This annual event, now in its 15th year, is played at the Greystone Golf Course in White Hall and has raised about $750,000 in support of The Healing Hands Foundation and several other charitable organizations such as Ronald McDonald House of Maryland.
“I always think that everything in your life, whether professionally, personally, humanitarian, volunteering—it’s all connected,” Ávila notes.
And connected it was. It was through The Healing Hands Foundation that Ávila became involved with the Maryland Hispanic Chamber of Commerce (MHCC), whose work is to further promote the growth, prosperity, and retention of Hispanic businesses in the state by providing advocacy, resources, and networking. In April 2019, Ávila was named chair of the board and president of the MHCC.
“Marco is well-recognized, connected,” says María Pílar Rodríguez, a longtime member of the MHCC and now the executive director under Ávila’s leadership. “He is the community leader and has their best interest [at heart], unselfishly helping people.”
When Ávila started in his leadership role at the MHCC, membership had dwindled to just 89 members and the organization was near bankruptcy. His first goal as chairman and president was to raise the membership number to 1,000.
“Marco always reinforces this goal to the board—to become the biggest chamber—and we’re working toward that,” says Pílar Rodríguez. “Because of his leadership, we have gotten some great sponsorships from the University of Maryland Medical System and Verizon. They are now repeat sponsors. Before we ask, they’re coming back to us to help fund programs.”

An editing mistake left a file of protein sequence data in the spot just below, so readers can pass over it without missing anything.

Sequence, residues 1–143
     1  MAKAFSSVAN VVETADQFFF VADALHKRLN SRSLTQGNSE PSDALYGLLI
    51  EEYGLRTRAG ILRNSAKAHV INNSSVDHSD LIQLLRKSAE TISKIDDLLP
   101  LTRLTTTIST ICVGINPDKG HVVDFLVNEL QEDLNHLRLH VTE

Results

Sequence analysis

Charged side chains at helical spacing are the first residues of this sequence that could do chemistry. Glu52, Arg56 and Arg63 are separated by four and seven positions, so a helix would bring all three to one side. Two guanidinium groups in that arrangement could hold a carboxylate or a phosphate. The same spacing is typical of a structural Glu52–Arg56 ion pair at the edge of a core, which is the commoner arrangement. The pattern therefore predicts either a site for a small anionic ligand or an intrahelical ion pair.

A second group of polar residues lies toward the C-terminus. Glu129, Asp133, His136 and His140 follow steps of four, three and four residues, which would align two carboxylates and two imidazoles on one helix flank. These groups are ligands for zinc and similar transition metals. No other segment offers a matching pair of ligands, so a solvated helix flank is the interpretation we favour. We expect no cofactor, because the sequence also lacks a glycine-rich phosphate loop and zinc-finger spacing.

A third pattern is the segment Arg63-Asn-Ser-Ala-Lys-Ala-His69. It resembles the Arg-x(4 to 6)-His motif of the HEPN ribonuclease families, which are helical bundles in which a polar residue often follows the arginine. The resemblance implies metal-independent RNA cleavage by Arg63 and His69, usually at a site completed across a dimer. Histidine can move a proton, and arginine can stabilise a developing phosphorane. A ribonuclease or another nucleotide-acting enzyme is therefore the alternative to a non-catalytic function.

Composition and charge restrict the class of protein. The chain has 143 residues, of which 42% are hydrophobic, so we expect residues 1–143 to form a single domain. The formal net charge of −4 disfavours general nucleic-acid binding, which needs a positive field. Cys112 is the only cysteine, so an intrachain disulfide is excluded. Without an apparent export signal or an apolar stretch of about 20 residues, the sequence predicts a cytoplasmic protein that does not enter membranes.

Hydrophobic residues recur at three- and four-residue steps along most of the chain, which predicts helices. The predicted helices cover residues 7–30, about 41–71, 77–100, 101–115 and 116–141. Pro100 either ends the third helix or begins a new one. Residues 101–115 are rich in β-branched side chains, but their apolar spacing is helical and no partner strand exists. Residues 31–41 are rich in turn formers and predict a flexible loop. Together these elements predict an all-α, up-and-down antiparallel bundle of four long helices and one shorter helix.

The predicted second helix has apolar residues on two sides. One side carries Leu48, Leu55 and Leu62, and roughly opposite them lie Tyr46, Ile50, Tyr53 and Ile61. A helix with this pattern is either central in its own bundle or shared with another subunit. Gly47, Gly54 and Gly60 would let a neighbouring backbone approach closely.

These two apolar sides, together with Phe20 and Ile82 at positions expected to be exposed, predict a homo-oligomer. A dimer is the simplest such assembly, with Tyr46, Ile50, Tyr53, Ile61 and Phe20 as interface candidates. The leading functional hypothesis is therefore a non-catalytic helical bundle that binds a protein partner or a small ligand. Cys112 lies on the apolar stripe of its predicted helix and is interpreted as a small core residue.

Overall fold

One out of 15 jobs in the region is created by Hispanic businesses. Having a solid chamber supporting those businesses is essential to cultivating positive economic development for this growing demographic.
For example, one of the goals of the MHCC is to educate small businesses on how to obtain certification as a Minority Business Enterprise and bid on government contracts.
“Right now, I have the best of both worlds,” Ávila says. “I work for a big global company, but at the same time, I’m helping the small businesses that typically are trying to be a subcontractor under a big global company, and I can help through this volunteer work [at the MHCC].”
Under Ávila’s leadership, the MHCC set a goal to grow to nearly 800 members in 2022. Ávila notes that when it hits that mark, the MHCC will, indeed, become the biggest chamber in Maryland.
During his term, which the MHCC has already extended for at least another year, he established a scholarship fund to support Hispanic students in high school, college, and trade school. He’s committed to ensuring that the MHCC runs with continuity even when he steps down.
“I want to make sure we finish what we started, to keep it going,” he says. “The greatest gift you can give to others is the example of your own life. I’m excited to continue to grow the next generation of leaders to make a difference in our state.”
Unsurprisingly, when Ávila won that quarter of a million dollars from the Maryland Lottery, he gave away a portion of his winnings to his Healing Hands Foundation.